Remove his double centuries against the West Indies and Australia and I think even he would admit his performances over the last 18 months or so, are not what we would come to expect from a player of his calibre.

If Cook does decide he is no longer up for the rigorous schedule of International Cricket, it leaves England in a very difficult situation.

Finding Cook’s partner has been a very long process of trial and error, and you feel even Stoneman isn’t fully in control of that spot.

Finding Cook’s replacement however would cause England a different problem altogether, particularly with the upcoming home series against India on the horizon, whom seem to have shaken off their inability to perform overseas, and have a quality bowling attack which appear to be potent in most conditions.

For the upcoming test however, England need to make some decisions, which may not only impact on the squad selection for the two home series against Pakistan and India, but also the Winter tour of Sri Lanka.

Jack Leach must be considered and given suitable to time to prove his worth, particulaly with the away trip to Sri Lanka in mind, where he should find conditions favourable.

Liam Livingstone, a man who appeared to be the best batsman in the warm up matches, must also be looked at.

Disappointingly, he has been overlooked for the 2nd test in favour of James Vince!


Are England scared to implement new blood?

It will be interesting to see who England finally go with for tomorrow’s test, however nothing but an England win, will restore a slither of confidence in the fans.

Credit to the Barmy Army, they have been the best and most consistent performers this Winter.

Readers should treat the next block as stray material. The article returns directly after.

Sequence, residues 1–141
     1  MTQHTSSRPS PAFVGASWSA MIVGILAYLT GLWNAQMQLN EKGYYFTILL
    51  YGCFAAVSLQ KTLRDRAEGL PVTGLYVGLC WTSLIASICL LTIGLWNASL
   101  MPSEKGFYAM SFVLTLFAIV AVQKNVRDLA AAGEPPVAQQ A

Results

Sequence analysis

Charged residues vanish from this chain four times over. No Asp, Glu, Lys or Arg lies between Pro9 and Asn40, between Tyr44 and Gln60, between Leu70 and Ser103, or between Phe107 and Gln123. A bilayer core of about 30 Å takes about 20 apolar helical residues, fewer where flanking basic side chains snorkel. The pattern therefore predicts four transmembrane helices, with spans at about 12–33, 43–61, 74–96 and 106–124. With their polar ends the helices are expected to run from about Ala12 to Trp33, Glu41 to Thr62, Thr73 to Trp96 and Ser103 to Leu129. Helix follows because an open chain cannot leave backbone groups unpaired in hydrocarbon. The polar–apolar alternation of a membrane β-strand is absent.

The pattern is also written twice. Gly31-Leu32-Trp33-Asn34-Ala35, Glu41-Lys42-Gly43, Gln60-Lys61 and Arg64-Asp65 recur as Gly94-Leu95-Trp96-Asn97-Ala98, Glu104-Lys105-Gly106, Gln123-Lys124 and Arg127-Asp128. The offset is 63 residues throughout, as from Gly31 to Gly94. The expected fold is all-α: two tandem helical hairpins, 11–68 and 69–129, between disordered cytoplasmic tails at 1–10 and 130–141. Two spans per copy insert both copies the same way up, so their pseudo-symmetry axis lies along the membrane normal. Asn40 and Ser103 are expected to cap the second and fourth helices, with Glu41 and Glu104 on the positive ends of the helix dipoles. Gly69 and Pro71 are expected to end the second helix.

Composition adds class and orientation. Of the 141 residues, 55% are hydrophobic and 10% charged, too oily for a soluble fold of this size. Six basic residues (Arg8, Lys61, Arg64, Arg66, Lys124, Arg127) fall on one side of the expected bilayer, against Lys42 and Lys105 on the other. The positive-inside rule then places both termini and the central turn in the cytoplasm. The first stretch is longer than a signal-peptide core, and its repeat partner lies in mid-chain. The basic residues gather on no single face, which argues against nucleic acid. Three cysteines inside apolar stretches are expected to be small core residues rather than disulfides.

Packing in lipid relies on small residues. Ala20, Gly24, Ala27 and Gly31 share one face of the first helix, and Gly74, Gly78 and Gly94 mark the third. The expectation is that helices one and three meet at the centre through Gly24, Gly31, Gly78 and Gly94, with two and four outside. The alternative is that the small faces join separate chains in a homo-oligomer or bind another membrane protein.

Whatever happens, it is more apparent than ever that England’s thought processes in playing and selection are very much scatty, and a serious rethink to the shape and structure of this side is needed in order for England to succeed this Summer.



Michael Vaughan. Great Captain. Great Pundit?

England’s issues on foreign soil are a consistent problem, as highlighted by their terrible record in overseas series since their last away Ashes success in 2010-2011.

Many will use Ben Stokes’ indiscretion as one of the main reasons England lost so heavily.

The simple fact of the matter is, not even a man of his mercurial talent would have reversed the 4-0 scoreline.

Jonathan Agnew made the excellent point in his most recent BBC article that England cannot keep sweeping these heavy losses under the carpet; and he is absolutely right.

Whilst this isn’t just an issue for England, as proven in the recent test at Cape Town between South Africa and India, the world’s current number one ranked test side, action must be taken to ensure England are better prepared to not only compete, which they did briefly in Australia, but to win and win well.

How can England prepare better and what can the ECB do?

Michael Vaughan OBE, ex England Ashes winning captain of 2005, made the excellent suggestion that a number of County Championship matches should be played overseas to help develop players’ skill sets.

A brave but innovative suggestion that not only holds a lot of meat to the bone but shows thought and initiative.

When ex-professionals enter the media world of punditry or journalism, a lot of them run the risk of becoming unpopular.

Log on to twitter and you will witness copious amounts of keyboard warriors using the popularity of a high profile figure, such as Michael Vaughan, to get across their irrelevant and often abusive views.